6   The child, for the full and harmonious development of his personality, needs love and understanding. He shall, wherever possible, grow up in the care and under the responsibility of his parents, and, in any case, in an atmosphere of affection and of moral and material security; a child of tender years shall not, save in exceptional circumstances, be separated from his mother. Society and the public authorities shall have the duty to extend particular care to children without a family and to those without adequate means of support. Payment of State and other assistance towards the maintenance of children of large families is desirable.
7   The child is entitled to receive education, which shall be free and compulsory, at least in the elementary stages. He shall be given an education which will promote his general culture and enable him, on a basis of equal opportunity, to develop his abilities, his individual judgement, and his sense of moral and social responsibility, and to become a useful member of society.   The best interests of the child shall be the guiding principle of those responsible for his education and guidance; that responsibility lies in the first place with his parents.   The child shall have full opportunity for play and recreation, which should be directed to the same purposes as education; society and the public authorities shall endeavour to promote the enjoyment of this right.
8   The child shall in all circumstances be among the first to receive protection and relief.
9   The child shall be protected against all forms of neglect, cruelty and exploitation. He shall not be the subject of traffic, in any form.   The child shall not be admitted to employment before an appropriate minimum age; he shall in no case be caused or permitted to engage in any occupation or employment which would prejudice his health or education, or interfere with his physical, mental or moral development.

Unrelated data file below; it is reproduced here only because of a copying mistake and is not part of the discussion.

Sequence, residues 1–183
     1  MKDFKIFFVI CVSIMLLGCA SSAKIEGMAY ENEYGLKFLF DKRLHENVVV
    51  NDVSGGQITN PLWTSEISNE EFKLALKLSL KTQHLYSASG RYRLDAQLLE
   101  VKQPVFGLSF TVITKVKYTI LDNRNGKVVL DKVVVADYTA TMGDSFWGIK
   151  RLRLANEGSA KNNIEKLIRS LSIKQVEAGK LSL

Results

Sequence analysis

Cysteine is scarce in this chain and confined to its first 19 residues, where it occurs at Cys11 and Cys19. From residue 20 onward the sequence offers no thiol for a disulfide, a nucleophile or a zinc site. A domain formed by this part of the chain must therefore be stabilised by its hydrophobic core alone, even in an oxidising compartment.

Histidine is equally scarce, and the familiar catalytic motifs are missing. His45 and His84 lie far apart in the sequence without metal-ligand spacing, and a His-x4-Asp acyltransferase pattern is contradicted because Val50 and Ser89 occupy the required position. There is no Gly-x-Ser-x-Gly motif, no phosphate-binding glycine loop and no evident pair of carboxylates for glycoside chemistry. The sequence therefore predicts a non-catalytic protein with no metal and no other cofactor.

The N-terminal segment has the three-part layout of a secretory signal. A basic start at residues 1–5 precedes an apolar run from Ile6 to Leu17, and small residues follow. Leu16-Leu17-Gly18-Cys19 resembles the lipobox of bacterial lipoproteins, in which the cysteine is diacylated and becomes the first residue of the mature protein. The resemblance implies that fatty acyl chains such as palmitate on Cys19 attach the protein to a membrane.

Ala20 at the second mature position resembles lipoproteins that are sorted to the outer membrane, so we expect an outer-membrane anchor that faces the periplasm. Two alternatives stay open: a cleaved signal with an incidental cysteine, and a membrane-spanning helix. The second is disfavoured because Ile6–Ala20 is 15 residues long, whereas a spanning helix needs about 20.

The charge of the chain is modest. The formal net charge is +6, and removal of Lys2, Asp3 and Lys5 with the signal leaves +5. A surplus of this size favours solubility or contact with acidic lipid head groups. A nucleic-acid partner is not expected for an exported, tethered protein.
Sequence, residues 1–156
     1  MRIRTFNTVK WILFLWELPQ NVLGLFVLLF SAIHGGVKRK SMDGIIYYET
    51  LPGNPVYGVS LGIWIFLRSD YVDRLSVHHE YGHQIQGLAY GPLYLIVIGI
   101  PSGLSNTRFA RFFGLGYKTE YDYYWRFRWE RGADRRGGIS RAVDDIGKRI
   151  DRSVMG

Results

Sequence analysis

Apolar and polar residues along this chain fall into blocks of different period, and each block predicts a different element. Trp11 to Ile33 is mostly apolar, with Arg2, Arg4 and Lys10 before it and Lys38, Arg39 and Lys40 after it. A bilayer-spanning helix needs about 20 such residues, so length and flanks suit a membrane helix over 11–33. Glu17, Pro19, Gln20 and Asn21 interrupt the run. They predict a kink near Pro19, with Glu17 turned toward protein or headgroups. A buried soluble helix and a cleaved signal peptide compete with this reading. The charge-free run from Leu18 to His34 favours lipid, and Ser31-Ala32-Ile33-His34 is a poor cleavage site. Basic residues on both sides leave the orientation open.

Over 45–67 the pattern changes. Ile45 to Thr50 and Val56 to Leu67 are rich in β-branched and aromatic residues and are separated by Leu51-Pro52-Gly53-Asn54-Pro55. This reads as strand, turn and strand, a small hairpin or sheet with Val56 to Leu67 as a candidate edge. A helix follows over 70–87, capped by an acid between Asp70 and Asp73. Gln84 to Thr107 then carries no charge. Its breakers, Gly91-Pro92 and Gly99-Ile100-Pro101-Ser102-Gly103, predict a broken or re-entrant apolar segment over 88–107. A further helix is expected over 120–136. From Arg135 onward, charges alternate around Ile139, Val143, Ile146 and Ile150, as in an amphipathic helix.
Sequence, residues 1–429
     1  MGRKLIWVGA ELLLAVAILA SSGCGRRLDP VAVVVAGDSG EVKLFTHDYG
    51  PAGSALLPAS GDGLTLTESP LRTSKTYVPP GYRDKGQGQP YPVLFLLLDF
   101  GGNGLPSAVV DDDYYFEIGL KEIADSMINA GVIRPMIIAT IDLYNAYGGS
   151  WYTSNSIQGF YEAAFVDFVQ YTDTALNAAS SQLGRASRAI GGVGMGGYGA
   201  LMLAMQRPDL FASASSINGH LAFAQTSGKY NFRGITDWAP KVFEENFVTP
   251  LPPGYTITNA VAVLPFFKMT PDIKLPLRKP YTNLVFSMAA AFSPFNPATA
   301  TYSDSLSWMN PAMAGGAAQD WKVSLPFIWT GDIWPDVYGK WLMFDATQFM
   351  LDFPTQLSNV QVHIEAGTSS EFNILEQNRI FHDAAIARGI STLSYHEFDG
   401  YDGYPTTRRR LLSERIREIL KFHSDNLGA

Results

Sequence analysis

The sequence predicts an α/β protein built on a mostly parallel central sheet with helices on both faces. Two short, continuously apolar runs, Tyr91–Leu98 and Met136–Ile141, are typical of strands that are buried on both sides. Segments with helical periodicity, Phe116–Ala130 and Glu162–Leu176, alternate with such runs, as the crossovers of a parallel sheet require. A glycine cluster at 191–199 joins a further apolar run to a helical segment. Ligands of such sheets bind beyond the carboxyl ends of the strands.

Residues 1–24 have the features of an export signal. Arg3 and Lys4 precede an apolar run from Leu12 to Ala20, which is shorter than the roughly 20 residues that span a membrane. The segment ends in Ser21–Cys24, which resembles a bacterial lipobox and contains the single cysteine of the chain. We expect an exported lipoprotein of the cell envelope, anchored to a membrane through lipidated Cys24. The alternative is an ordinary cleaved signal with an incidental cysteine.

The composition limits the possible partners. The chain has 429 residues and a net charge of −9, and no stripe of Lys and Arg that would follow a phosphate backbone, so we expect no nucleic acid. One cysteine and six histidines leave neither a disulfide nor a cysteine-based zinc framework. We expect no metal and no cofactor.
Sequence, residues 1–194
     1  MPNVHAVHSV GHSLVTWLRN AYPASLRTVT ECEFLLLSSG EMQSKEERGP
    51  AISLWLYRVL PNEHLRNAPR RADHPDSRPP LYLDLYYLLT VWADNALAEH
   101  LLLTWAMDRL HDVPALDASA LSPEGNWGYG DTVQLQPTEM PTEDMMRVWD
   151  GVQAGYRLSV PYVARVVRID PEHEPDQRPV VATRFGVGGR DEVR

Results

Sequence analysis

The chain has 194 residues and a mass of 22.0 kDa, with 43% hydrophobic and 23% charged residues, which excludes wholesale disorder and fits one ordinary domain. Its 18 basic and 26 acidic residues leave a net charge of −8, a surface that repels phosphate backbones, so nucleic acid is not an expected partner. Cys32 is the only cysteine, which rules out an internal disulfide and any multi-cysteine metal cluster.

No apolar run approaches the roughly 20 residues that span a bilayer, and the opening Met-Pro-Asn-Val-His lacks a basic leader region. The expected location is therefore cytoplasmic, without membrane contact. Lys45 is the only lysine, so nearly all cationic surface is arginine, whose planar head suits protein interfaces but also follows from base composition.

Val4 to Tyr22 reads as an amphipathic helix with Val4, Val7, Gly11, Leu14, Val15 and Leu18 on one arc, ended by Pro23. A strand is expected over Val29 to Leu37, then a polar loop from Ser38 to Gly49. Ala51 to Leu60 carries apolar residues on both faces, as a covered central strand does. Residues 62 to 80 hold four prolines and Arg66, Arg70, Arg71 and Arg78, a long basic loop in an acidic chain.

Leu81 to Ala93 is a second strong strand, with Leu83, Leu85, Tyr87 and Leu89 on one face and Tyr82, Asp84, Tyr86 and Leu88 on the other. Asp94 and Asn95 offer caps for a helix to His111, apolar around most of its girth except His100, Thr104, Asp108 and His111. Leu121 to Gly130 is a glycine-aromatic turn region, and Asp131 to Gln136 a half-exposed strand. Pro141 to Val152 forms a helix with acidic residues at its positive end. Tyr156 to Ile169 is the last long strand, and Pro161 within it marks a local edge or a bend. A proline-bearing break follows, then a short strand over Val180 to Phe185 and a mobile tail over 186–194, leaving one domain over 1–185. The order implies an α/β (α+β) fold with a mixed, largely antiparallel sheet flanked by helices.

10   The child shall be protected from practices which may foster racial, religious and any other form of discrimination. He shall be brought up in a spirit of understanding, tolerance, friendship among peoples, peace and universal brotherhood, and in full consciousness that his energy and talents should be devoted to the service of his fellow men.

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Erasing Dad (English)

Borrando a Papá 

Erasing Dad (English)

URGENT! Avant premier of Erasing Dad this Saturday, September 20th at 6pm Argentina Time (-3UTC) via Youtube. Link to be published here.

Trailer has English subtitles:

In Argentina, fathers are punished for wanting to be active parents to their children after a divorce. Latino men are stereotyped as “machistas”, but many dads in Argentina want to actively participate in their children´s lives after divorce. The justice system favors women and assumes that men are always violent aggressors, and allows fake accusations to prosper. As a result, many men are unjustly prevented from seeing their children.